10 relations between being an objective fact and the third-personal perspective. We should distinguish between (1) Metaphysical principles that hold of some domain of entities; and (2) The conditions for a subject to think about, or to otherwise mentally represent, elements of that domain. The conditions for thought in (2) do not in general require knowledge or beliefs about the metaphysical principles of kind (1). Williams seems to write as if they do. There are however many examples in which thought about some domain exists without the subject knowing or even so much as thinking about or representing the metaphysical principles that hold of that domain. One straightforward example is perception of physical objects and events, and of their properties and relations. Animals and very young children enjoy perceptual states and events whose correctness conditions concern objects and events in the physical world, and concern their properties and relations. It is a metaphysical truth that these physical items and properties are in general mind-independent, and in particular exist independently of perception of the objects and their properties; but this fact is not something that needs to be known by or represented by the perceiver. Reflection on the correct metaphysics of what one is perceiving or thinking about is something much more sophisticated than such primitive spatial perception. It does not need to be present for perception with objective content to occur. This point has been made in several recent writings on perception. 13 Perception is only one of many such cases. The general phenomenon here is that of relation-based thought or mental representation. Sometimes a subject can think about something in virtue of standing in a certain relation to it, and that relation does not at all require that the subject have a correct conception of what is involved in being that thing's being what it is. If the thinker has any conception of such matters at all, she may even be radically mistaken, entirely consistently with still thinking about that object or state. We have long accepted this point as applied to physical particulars, properties and relations. It applies equally to the mental too even more 13 See my paper Does Perception Have a Nonconceptual Content?, The Journal of Philosophy 98 (2001) , especially the last paragraph; and the extended discussion in T. Burge, Origins of Objectivity (Oxford: OUP, 2010). 10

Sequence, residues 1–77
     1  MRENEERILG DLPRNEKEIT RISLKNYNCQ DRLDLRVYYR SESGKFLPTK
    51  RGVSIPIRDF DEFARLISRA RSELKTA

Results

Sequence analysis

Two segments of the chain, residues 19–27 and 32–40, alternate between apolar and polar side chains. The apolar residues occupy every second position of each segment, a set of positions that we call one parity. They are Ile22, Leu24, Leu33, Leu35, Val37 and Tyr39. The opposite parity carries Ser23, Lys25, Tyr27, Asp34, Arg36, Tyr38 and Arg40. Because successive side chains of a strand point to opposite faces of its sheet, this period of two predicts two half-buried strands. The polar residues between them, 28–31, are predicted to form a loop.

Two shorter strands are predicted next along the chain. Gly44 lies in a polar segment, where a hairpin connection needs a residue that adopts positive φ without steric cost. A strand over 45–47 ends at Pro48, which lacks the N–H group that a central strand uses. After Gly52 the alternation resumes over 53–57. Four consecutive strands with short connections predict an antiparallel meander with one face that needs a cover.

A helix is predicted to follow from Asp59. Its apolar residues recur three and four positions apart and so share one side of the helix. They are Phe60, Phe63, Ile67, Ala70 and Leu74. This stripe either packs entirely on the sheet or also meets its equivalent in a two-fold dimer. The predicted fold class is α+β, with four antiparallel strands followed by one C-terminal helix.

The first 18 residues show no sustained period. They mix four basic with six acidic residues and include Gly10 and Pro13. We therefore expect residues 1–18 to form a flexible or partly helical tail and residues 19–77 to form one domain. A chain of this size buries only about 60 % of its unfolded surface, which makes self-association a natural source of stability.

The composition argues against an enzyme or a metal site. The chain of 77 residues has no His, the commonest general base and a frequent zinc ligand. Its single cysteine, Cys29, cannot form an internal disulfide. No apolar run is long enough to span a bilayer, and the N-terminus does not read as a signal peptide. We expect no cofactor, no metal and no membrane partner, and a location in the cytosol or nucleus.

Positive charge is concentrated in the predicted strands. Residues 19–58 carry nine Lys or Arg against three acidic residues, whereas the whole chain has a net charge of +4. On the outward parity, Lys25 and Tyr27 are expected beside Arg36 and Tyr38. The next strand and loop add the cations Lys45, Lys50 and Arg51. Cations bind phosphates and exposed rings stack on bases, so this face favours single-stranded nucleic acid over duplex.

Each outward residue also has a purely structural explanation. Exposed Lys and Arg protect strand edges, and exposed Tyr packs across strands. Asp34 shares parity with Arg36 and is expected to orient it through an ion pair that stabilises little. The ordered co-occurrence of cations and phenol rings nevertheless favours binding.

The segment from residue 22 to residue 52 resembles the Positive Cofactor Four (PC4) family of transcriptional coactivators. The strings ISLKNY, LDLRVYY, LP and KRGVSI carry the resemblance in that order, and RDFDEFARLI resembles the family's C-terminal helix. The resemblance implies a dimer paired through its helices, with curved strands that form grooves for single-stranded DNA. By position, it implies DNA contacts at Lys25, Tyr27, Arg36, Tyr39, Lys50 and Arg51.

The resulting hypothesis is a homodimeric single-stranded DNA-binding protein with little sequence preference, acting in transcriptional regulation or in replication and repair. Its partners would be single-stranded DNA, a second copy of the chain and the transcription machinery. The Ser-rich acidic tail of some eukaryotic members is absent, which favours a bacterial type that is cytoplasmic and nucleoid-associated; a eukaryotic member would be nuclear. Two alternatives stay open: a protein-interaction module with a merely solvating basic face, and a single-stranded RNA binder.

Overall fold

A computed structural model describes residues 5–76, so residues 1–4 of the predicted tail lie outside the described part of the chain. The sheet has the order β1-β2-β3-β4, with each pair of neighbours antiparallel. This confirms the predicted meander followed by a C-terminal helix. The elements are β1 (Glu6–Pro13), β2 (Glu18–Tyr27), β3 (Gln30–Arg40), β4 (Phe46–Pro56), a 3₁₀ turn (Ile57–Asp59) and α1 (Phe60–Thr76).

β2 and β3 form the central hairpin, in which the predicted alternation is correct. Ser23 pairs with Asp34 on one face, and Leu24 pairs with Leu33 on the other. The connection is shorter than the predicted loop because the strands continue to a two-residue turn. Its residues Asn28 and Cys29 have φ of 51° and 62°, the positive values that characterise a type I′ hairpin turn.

11 saliently, because it is clear that a thinker stands in special relations to her own mental states and events, relations that allow her to think of them in distinctive ways. 14 We must indeed have an account of thought that makes it possible to conceive of mental events and of subjects as accessible from the third person perspective. If Descartes had a general conception of thought and of the mental that would make it impossible, his account is objectionable. But there is no such commitment simply in holding that a subject can make a possibly knowledge-generating transition from thinking (in Descartes broad sense) to the conclusion that he exists. There is much more to be said about Williams s discussion, but there is no room here, so let us return to the Cogito. The account I have offered of the soundness of the Cogito differs from those neo-humean accounts that say they find something sound in it. On Parfit s moderate reductionist view of subjects of consciousness, as he explicitly notes, the Cogito is sound, but only because of the way we talk. In Reasons and Persons, Parfit writes, We do in fact ascribe thoughts to thinkers. Because we talk in this way, Descartes could truly claim, I think, therefore I am. (p. 226). Earlier in the same book, Parfit writes, A Reductionist can admit that, in this sense, a person is what has experiences, or the subject of experiences. This is true because of the way in which we talk. (p. 223). Parfit diverges from Lichtenberg only in adding that observation about the way we talk to a fundamentally subject-free view. On the view I am advocating, Descartes Cogito is sound not merely because of the way we talk. The conclusion of the Cogito concerns a subject whose existence is not reducible to something else. I argued that it is not, on my view, even correct to make the weaker claim that the licensed conclusion is only that some subject or other is thinking, and not necessarily me. The sound conclusion that can be reached by the Cogito goes beyond this because the Cogito employs distinctive ways of thinking of conscious states, including thinking itself, that can be employed in thinking about a mental state or event only by the subject of that state or event, and in virtue of being the subject of the state or event. 14 There is further discussion of these points and their significance in my paper Relation-Based Thought, Objectivity and Disagreement, in a Special Issue on Concepts, ed. E. Lalumera, Dialectica 64 (2010)